Cheese Actually Isn’t Bad for You

Cheese is among the ultimate guilty pleasures. It’s gooey. It’s fatty. It’s delicious. It just has to be bad for you, right?Wrong. A large body of research suggests that cheese’s reputation as a fattening, heart-imperiling food is undeserved. When it comes to weight and other key health outcomes (and setting aside the issue of lactose intolerance, with apologies), cheese is neutral at worst, and possibly even good for you. And yet that research doesn’t seem to have broken through into common knowledge. If you Google “cheese,” the top result under “people also ask” is the ungrammatical query “Why cheese is bad for you?” Now, if you’re the type of person who’s thinking, “What’s the big deal? I eat what I like, in moderation, and don’t worry about calories”—congratulations, I’m happy for you, we have lots of great articles about science and tech you might enjoy. If, on the other hand, you’re like me and worry that your diet is making you gradually fatter, keep reading.
The best evidence for the benign impact of cheese comes from long-term cohort studies that tracked the health and eating habits of tens or hundreds of thousands of people. A 2011 paper published in the New England Journal of Medicine analyzed three cohorts that together tracked 120,877 US adults over several decades. The authors found that foods like potatoes, processed meats, and refined grains were associated with weight gain over time, while yogurt, fruit, and nuts were associated with weight loss. Cheese was right in the middle: On average, eating more or less of it had essentially no effect on weight.That finding has held up in more recent research. A 2018 analysis of a study of 2,512 men in Ireland, for example, showed a mild inverse relationship between cheese consumption and body mass after five years, meaning eating cheese was associated with weight loss, though that effect faded at the 10-year mark. A meta-analysis of 37 randomized clinical trials found that increased dairy consumption overall led to increased lean muscle mass and decreased body fat.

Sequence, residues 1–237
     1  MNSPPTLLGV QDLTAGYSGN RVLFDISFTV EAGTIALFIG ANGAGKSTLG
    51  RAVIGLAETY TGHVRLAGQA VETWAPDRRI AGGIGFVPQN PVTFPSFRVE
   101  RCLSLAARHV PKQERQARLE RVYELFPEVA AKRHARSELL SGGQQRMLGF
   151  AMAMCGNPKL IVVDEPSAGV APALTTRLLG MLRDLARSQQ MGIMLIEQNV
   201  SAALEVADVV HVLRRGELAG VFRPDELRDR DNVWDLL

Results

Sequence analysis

“There’s almost no evidence that cheese causes weight gain—and in fact, there’s evidence that it’s neutral at worst,” says Dariush Mozaffarian, the lead author of the 2011 paper and dean of the Tufts Friedman School of Nutrition Science and Policy. “There’s no evidence that cheese is linked to cardiovascular disease, and in some studies, it’s even a little bit associated with lower risk. And then, for diabetes, again, it’s at worst neutral, and maybe protective.”
It’s true that observational studies can only reveal correlations. But if there are confounding variables when it comes to Americans’ cheese consumption, they should make its effects look worse, not better. The way Americans eat cheese, and especially the way they were eating it in the 1980s and ’90s, when much of the data was gathered, tends to pair it with unhealthy foods: Imagine a pepperoni pizza, or a ham and cheese sandwich on white bread with a side of chips. “It wasn’t people eating cheese on cutting boards with walnuts and grapes,” Mozaffarian says. “If there were confounding [factors], it would be toward weight gain.”
So just to recap so far: The evidence tends to show that cheese does not make you gain weight. Why hasn’t this amazing news spread more widely? After all, we’ve seen many conventional ideas about food, weight gain, and health be reconsidered over the past decade or two. Thanks in part to the work of authors like Michael Pollan and Gary Taubes, the low-fat diet mantra of the late 20th century has been discredited, replaced by an awareness that added sugars, refined carbohydrates, and processed foods are the likelier culprits in America’s obesity epidemic.